They know that if a person’s favorite celebrity is pitching a product there is a good chance that it will implant a positive idea of that product in the consumer’s mind.
Do you think Queen Latifah, Halle Berry, Beyonce, or any number of spokespeople actually use the same drugstore-brand cosmetics they pitch?
How about Tommy Lee Jones or Dennis Hopper: think they use Ameriprise to handle their investments?
Think Sam Waterston has his portfolio at TD Ameritrade?
Do Regis Philbin and Kelly Rippa bank with TD Bank?
What about Dylan Bruno or Patrick Warburton owning the cars they are paid to represent?
Do any of the athletes who pitch Subway actually eat there when so many are known to have private chefs and nutritionists creating custom menus specifically for them in-house?
Do you honestly think Jennifer Lopez drives a Fiat and still calls the Bronx “home” as she does in the commercials?!
I doubt that any of those people really use the things they tell you, their fans to buy.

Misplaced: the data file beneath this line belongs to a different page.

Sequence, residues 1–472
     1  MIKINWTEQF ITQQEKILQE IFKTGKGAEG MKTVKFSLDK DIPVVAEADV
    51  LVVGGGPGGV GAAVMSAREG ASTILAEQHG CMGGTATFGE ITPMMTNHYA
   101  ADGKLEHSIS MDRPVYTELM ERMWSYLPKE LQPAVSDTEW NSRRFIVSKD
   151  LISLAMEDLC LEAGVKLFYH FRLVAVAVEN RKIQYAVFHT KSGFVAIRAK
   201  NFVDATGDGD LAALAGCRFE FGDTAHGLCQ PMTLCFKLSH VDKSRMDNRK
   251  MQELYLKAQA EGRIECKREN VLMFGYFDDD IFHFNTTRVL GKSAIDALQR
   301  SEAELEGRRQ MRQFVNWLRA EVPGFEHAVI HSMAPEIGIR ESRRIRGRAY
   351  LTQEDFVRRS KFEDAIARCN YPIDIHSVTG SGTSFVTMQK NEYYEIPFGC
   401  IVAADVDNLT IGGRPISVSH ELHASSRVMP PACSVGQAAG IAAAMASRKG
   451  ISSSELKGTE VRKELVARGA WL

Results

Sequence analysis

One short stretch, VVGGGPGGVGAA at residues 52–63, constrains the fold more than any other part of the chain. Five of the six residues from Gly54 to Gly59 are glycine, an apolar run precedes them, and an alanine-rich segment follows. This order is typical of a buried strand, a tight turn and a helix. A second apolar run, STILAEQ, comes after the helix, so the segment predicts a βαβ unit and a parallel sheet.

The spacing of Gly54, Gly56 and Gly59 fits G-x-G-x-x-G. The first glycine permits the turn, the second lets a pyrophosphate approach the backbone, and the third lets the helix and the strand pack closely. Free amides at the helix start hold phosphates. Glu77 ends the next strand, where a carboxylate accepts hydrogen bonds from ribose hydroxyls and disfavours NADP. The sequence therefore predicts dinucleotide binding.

Yet, people will take someone they like being the spokesperson as a real endorsement and follow their suggestions, going out and buying those products and services.
Marketing Trick #3: Your Lack Of Attention
You know those speed-talking guys and ladies that you hear on TV and the radio?
You know the ones I’m talking about; the ones who, when they start, you can only make out one, maybe two of the words from the entire speech?
How about those minuscule words you see on TV and in print ads?
Those are legal disclosures that are required for certain advertisements to have.